The Intestinal Phase – The Secondary Digestive Organs

The Small Intestine is broken down into three sections, the duodenum, jejenum and ileum.

In the first section, the duodenum, the bulk of chemical digestion (breakdown of food now called chyme) occurs, with the actual absorption (nutrients passing into the bloodstream for distribution) beginning in the jejenum.

However before all this begins, their requires the addition of several digestive secretions from the Pancreas & Gall Bladder, to make this happen.

Pancreas

When chyme is detected in the duodenum, two major hormones are released (cholecystokinin & secretin) that cause the pancreas to release digestive enzymes and bicarbonate, into the small intestine via the pancreatic duct.

The bicarbonate acts to raise the ph of the acidic chyme from the stomach, towards a mildly alkaline state, to allow the digestive enzymes to work properly. If this change in ph did not occur. then the chyme contents would pass through the digestive tract mostly unabsorbed.

Furthermore, the greater acidity of the chyme released from the stomach, ensures a more pronounced release of CCK & Secretin from the duodenum, which once more highlights the importance of stomach acid health.

The pancreas releases the following digestive enzymes to help in the breakdown of the chyme contents for absorption in the jejenum:

  • pancreatic amylase for carbohydrate

  • trypsin, chemotrypsin, elastase & carboxypeptidase for proteins

  • pancreatic lipase for fats

  • ribonuclease & deoxyribonuclease for nucleic acids.

What is interesting to note is that the exocrine (enzymes) actions of the pancreas make up 99% of its function, as opposed to its endocrine (hormones) cells, which may be surprising as most will associate the pancreas with the production of the blood sugar lowering hormone insulin. This goes to show how important optimum pancreatic function is to the process of digestion.

Indeed it is pertinent to mention that in 74% of diabetes patients, pancreatic exocrine insufficiency is reported, which may be from a diversion of pancreatic function away from its main exocrine purpose (digestion of food), towards more exaggerated endocrine fluctuations.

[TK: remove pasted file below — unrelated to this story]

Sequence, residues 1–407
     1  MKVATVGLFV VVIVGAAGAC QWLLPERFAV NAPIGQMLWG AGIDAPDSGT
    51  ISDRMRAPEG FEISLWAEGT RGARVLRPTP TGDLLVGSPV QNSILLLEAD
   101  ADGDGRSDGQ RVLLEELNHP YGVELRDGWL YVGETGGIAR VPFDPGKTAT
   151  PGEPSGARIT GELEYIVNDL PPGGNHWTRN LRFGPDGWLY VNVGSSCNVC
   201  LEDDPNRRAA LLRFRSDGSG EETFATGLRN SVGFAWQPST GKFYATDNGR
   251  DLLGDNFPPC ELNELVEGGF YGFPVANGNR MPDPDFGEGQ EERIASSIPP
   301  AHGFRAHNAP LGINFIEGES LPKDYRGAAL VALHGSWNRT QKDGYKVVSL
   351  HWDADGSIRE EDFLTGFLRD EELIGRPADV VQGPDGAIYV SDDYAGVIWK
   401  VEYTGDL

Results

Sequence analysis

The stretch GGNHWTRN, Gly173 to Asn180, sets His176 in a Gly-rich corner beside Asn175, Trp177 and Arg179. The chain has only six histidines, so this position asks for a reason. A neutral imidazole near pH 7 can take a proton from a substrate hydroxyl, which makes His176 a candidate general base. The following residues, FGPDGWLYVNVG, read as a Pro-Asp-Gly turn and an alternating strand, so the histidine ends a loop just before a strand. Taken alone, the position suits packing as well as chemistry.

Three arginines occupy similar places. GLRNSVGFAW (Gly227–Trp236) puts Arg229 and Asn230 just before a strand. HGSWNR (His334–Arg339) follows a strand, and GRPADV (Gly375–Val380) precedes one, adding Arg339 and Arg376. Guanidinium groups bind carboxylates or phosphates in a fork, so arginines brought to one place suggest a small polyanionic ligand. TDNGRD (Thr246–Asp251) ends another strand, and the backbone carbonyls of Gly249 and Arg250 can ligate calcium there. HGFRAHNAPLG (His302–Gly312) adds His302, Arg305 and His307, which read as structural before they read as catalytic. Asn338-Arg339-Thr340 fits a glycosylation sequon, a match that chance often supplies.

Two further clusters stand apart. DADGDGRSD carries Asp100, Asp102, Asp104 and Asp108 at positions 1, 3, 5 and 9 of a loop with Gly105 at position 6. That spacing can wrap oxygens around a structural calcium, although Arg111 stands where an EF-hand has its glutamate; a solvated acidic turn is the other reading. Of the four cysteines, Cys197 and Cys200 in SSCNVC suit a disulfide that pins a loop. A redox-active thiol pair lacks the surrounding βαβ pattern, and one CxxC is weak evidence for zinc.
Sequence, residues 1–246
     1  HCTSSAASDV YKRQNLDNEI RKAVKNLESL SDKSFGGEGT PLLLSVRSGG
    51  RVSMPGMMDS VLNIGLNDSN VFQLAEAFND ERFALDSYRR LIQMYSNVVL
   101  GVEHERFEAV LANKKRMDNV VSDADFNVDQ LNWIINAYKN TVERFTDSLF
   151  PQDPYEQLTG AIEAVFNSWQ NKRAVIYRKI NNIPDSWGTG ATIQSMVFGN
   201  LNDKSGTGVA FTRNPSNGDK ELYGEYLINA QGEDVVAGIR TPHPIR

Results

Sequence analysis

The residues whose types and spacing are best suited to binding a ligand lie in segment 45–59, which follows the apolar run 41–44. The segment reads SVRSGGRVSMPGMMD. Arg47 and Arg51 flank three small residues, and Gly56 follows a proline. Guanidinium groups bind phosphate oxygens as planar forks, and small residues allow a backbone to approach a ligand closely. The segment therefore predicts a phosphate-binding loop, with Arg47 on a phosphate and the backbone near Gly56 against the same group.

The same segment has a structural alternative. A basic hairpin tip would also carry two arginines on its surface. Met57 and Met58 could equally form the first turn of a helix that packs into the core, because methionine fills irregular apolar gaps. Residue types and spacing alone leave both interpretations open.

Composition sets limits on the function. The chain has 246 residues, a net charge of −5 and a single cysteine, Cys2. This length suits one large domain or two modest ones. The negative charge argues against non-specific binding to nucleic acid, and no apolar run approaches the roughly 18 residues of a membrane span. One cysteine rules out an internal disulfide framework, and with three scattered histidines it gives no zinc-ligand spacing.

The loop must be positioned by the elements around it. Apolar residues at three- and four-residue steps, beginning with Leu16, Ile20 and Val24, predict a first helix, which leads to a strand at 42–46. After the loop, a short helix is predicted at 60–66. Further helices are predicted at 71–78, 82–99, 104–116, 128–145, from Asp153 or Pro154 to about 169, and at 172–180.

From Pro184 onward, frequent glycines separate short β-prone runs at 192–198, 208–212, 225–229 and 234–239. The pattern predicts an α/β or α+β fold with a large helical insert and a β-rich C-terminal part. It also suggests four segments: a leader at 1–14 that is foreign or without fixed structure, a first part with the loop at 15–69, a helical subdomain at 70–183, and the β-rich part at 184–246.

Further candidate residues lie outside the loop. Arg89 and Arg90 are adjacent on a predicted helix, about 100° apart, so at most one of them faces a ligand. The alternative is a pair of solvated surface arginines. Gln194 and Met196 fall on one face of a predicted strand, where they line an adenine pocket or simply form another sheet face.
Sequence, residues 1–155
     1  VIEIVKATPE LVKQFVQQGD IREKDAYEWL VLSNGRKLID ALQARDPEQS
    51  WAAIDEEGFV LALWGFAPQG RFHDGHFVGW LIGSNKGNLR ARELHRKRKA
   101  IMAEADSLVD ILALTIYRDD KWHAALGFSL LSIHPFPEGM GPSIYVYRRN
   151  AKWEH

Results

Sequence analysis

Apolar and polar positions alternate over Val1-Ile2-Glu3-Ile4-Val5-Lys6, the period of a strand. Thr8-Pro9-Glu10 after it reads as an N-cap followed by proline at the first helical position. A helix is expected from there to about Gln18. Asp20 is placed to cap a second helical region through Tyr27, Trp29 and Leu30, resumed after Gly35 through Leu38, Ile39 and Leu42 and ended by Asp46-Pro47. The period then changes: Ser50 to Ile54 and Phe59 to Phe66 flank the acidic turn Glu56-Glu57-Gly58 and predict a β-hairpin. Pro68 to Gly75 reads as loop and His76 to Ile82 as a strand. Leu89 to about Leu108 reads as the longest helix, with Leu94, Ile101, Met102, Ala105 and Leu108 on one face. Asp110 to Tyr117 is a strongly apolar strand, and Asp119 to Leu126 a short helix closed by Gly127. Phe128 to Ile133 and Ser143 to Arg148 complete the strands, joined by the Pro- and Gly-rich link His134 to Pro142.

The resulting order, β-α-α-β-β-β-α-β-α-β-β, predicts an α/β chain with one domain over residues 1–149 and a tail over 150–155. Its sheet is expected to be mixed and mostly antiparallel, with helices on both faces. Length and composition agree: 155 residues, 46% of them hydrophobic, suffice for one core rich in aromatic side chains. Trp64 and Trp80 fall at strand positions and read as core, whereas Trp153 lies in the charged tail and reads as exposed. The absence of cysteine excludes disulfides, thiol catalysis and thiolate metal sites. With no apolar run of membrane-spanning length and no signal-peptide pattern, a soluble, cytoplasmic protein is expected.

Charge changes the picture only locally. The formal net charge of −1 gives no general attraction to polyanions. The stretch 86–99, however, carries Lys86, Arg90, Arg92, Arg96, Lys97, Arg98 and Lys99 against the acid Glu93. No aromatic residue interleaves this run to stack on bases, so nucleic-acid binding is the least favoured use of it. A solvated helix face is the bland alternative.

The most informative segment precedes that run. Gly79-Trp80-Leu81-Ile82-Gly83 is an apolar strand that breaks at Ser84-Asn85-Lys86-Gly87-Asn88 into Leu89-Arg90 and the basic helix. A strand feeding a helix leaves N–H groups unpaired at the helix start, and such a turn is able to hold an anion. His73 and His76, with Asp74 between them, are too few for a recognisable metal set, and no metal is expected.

Gall Bladder

This organ is responsible for the storage and release of bile into the small intestine, which is vital to ensure the proper digestion of fats and fat soluble nutrients. Bile is produced in the liver and drains into the gall bladder to be stored until CCK is detected, and initiates its release into the small intestine.

Bile is crucial in fat absorption because it emulsifys the fat molecules, which basically involves breaking fat droplets apart to reduce the surface area, and allows the lipase (fat digesting) enzymes better access to do their work.

Emulsification of fat molecules is so important because fat and water do not readily mix, and as our bodies are mainly composed of water, this would be problematic.

If you have ever poured cooking oil into a sink full of water, you will notice how the fat separates from the water and forms an obvious film on the top of the sink. Without bile this would happen in the intestines, and fat digestion (including essential nutrients Omega 3, 6 & 9 fatty acids & Vitamins A, D, E & K) would be severely reduced.

Bile also carries detoxification metabolites, used hormones (e.g. oestrogen), cholesterol and red blood cell breakdown products (bilirubin), out of our bodies through the digestive tract.

So any impairment of bile flow from liver to gall bladder to intestines, would impact upon many systemic (e.g. cardiovascular, endocrine) functions and nearly every aspect of our general health.

Next Post: The Small Intestine

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